Definition: In humans, there are no good studies. In animals, pregnant animals treated with the
medicine had some babies with problems. However, sometimes the medicine may still help the
human mothers and babies more than it might harm.
Examples of Drugs:
Ventolin (albuterol) for asthma
Zoloft (sertraline) and Prozac (fluoxetine) for depression
Pregnancy Category: D
Definition: Studies in humans and other reports show that when pregnant women use the
medicine, some babies are born with problems related to the medicine. However, in some serious
situations, the medicine may still help the mother and the baby more than it might harm.
Examples of Drugs:
Paxil (paroxetine) for depression
Some cancer chemotherapy
Pregnancy Category: X
Definition: Studies or reports in humans or animals show that mothers using the medicine during
pregnancy may have babies with problems related to the medicine. There are no situations where
the medicine can help the mother or baby enough to make the risk of problems worth it. These
medicines should never be used by pregnant women.
Examples of Drugs:
Accutane (isotretinoin) for cystic acne
Thalomid (thalidomide) for a type of skin disease
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Generic(Brand)
Pregnancy
category
Cross
placenta
Adverse Effect from use
in pregnancy
Place in therapy
Nitrofuration
(macrobid)
B
Yes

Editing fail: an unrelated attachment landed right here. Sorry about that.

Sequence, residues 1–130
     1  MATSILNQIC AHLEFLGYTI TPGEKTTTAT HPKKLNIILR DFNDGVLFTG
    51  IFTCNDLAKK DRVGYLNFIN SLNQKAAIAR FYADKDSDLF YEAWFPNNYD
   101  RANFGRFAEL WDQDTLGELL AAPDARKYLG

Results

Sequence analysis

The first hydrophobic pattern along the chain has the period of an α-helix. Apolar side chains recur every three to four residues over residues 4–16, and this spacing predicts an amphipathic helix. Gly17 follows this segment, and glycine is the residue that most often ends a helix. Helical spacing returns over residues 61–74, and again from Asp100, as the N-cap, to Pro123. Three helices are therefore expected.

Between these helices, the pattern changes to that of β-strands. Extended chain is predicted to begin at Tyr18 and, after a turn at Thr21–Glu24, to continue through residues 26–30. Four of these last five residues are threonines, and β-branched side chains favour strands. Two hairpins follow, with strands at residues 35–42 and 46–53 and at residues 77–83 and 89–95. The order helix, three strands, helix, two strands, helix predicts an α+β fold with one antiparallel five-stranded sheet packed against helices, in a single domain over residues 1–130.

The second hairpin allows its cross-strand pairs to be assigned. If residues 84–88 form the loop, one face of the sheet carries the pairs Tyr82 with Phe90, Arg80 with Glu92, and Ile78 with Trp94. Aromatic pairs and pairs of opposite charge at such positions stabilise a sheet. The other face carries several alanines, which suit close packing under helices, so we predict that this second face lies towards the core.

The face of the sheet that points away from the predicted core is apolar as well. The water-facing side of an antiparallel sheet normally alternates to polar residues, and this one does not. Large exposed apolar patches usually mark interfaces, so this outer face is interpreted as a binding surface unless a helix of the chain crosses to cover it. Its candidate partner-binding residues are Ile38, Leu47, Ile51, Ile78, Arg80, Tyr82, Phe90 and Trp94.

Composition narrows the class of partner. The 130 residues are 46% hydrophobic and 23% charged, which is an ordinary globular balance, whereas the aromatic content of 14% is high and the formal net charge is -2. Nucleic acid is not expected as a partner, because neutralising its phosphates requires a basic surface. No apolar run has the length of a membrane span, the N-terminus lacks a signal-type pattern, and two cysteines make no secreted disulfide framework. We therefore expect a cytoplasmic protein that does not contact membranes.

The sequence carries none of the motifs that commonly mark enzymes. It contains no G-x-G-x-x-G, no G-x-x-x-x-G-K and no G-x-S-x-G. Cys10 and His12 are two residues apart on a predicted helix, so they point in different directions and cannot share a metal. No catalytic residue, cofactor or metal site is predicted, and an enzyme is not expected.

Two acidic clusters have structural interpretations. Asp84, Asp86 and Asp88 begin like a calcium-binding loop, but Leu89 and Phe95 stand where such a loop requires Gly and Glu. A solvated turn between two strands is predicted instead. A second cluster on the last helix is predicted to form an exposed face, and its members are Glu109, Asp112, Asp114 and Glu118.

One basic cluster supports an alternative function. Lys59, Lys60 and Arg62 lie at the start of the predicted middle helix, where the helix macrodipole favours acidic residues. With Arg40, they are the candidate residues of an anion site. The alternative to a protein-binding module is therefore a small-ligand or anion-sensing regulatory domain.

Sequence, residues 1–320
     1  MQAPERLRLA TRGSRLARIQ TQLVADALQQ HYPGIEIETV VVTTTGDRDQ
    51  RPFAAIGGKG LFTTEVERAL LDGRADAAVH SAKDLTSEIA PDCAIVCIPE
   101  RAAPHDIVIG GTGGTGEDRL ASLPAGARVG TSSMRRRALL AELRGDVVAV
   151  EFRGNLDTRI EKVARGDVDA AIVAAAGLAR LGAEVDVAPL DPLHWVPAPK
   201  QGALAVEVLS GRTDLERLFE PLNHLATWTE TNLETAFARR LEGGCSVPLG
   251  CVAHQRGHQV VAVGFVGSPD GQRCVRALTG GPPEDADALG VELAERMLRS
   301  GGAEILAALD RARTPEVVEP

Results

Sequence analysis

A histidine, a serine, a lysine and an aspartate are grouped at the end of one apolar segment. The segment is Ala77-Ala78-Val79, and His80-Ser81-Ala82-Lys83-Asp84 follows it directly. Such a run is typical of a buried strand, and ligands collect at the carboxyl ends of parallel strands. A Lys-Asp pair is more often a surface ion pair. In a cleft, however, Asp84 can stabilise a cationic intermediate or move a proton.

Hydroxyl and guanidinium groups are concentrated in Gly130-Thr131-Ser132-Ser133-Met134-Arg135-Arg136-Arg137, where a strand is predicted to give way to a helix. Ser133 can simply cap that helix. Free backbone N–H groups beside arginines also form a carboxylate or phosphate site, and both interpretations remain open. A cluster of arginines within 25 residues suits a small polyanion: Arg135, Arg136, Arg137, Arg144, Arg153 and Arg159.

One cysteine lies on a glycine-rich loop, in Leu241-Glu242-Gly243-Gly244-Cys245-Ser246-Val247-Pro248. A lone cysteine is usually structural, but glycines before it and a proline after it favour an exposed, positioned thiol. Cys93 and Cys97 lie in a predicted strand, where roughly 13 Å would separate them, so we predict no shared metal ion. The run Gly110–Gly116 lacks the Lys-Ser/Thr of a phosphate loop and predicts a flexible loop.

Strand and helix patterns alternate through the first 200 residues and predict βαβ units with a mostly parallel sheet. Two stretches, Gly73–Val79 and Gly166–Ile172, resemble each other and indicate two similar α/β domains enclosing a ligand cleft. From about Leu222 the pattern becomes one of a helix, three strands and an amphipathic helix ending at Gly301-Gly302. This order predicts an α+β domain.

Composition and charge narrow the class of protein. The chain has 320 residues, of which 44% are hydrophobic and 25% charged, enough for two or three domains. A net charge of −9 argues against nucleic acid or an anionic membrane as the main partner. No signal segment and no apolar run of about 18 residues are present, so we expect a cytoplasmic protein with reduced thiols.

Fetus: hemolytic anemia
Trimethoprim
C
Yes
Fetus: neural tube defects
Not recommended
in pregnancy
Metronidazole
(flagyl)
B
Yes
Fetus: Low birth weight
babies
Safe for used in 2
nd
and 3
rd
trimester
QUESTION NO 3:
Define Teratogenic effect:
A teratogen is something that can cause birth defects or abnormalities in a developing embryo or
fetus upon exposure. Teratogens include some medications, recreational drugs, tobacco products,
chemicals, alcohol, certain infections, and in some cases, health problems such as
uncontrolled diabetes in pregnant people. Exposure to a teratogen can occur through ingestion or
environmental exposure during pregnancy.
Teratogenicity is the ability to cause developmental abnormalities in the fetus. Congenital
malformations non reversible functional or morphological defects present at birth. Teratology is
the study of abnormalities of physiological development. A teratogen is the agent that can disturb
the development of the embryo or fetus.
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QUESTION NO 4 :
Tabulate teratogenic and non-teratogenic adverse fetal effects of different
drugs during pregnancy:
Teratogenic: